Professor of Psychology at University of Gävle, Igor Knez, participates in a research group that has been awarded 3,5 million SEK by the Swedish National Heritage Board to manifest the value of the cultural heritage and the cultural environment in the biosphere reserve of Lake Vänern archipelago and Mount Kinnekulle.
Lake Vänern archipelago is a cultural landscape in which people have lived and worked during thousands of years, with memories and knowledge being transferred from generation to generation.
-We will investigate how certain memories and cultural expressions are connected to certain places, how identity is shaped in relation to geographical place, and what people appreciate and experience from an esthetical point of view in these places, Igor Knez says.
Earlier research has shown that the stronger your bond is to a place, in emotions, memories, experiences and thought, the better you feel when you are there. (See link for recent publication.)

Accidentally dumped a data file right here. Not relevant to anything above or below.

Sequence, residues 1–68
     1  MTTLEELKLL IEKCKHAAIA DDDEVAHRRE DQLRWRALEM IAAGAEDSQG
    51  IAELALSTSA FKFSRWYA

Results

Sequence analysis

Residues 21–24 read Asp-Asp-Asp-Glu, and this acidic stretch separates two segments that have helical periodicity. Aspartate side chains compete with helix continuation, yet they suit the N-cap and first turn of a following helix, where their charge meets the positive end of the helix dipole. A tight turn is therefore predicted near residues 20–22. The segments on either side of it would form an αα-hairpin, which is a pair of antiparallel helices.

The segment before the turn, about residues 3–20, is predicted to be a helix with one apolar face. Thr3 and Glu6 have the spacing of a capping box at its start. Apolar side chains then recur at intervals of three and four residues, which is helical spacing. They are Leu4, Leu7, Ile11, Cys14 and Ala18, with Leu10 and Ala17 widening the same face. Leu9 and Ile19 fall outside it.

-One of my aims is therefore to explore the relationship between psychological bonds connected to place (place identity) and well-being.
In this three-year interdisciplinary project a geographer, an ethnologist, an ecologist/biologist and a psychologist and a researcher within cultural studies participate. Decision-makers and administrators involved in the conservation and management of the landscape will also be interviewed to establish if and how they take these aspects into account.
-Through questionnaires, we will contact inhabitants, decision-makers and administrators.
Because of its unique, varied landscape and its rich cultural inheritance, The Lake Vänern archipelago and Mount Kinnekulle have been made a biosphere reserve by the UN organisation UNESCO. A Biosphere reserve has three purposes:
Sustainable development is a complex issue. For this reason, the biosphere preserves of the world have as their mission to find local solutions to global challenges. The aim is to show that sustainable development is possible, despite the great challenges the world faces today.
For further information, please contact:
Igor Knez, Professor of Psychology at University of Gävle
Text: Douglas Öhrbom